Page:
Five years into fatherhood, Calvin Hennick is plagued by self-doubt and full of questions. How can he teach his son to be a man, when his own father figures abandoned him? As a white man, what can he possibly teach his biracial son about how to live as a black man in America? And what does it even mean to be a man today, when society’s expectations of men seem to change from moment to moment?
In this unforgettable debut memoir, Calvin Hennick holds a mirror up to both himself and modern America, in an urgent and timely story that all parents, and indeed all Americans, need to read.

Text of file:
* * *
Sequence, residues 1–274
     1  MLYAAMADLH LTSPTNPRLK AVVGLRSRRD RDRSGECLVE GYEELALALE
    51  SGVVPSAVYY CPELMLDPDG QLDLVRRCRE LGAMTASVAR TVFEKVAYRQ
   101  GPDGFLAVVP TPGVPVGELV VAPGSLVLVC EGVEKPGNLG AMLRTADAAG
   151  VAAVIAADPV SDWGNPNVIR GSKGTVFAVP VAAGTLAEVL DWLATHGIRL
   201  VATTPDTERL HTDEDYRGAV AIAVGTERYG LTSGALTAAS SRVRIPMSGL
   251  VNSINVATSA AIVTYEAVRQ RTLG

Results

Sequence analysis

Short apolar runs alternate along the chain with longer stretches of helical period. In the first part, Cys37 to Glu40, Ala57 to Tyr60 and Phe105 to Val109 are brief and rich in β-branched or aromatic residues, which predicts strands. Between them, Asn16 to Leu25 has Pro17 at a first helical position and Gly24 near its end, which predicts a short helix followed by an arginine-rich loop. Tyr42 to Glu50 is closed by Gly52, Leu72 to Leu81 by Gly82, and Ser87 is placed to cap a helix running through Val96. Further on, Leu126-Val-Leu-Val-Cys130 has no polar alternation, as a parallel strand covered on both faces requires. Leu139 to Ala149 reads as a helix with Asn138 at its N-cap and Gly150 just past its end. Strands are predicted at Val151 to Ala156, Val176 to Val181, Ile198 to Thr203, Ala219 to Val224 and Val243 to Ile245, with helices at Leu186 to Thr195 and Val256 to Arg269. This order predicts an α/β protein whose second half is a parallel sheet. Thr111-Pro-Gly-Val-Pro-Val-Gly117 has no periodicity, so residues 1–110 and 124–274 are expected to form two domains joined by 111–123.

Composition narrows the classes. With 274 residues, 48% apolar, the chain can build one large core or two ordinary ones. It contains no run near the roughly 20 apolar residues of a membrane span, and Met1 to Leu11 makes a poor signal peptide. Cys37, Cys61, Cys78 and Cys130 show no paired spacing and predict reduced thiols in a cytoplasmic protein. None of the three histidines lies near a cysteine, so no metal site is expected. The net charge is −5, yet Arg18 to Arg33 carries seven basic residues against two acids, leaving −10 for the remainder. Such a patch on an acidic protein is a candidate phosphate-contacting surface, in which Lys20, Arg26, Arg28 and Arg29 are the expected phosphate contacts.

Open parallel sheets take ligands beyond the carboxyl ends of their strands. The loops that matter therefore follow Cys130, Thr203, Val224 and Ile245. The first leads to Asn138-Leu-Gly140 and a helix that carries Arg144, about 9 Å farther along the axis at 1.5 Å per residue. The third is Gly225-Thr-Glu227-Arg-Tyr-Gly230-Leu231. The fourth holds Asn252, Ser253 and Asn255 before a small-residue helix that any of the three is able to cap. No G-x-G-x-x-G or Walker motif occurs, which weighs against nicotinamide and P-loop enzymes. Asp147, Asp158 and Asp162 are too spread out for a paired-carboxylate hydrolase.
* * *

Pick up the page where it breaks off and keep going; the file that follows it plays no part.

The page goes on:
Calvin Hennick is a business and technology writer based in Boston. He wrote for many years for The Boston Globe and his prize-winning work has appeared in over 50 publications.
Adrian Walker is a columnist for the Metro section of The Boston Globe. He provides commentary and opinion on local and regional news as well as society and culture. Walker started as a Metro columnist in 1998. His column appears Mondays and Fridays.
Certain books were “banned in Boston” at least as far back as 1651, when one William Pynchon wrote a book criticizing Puritanism.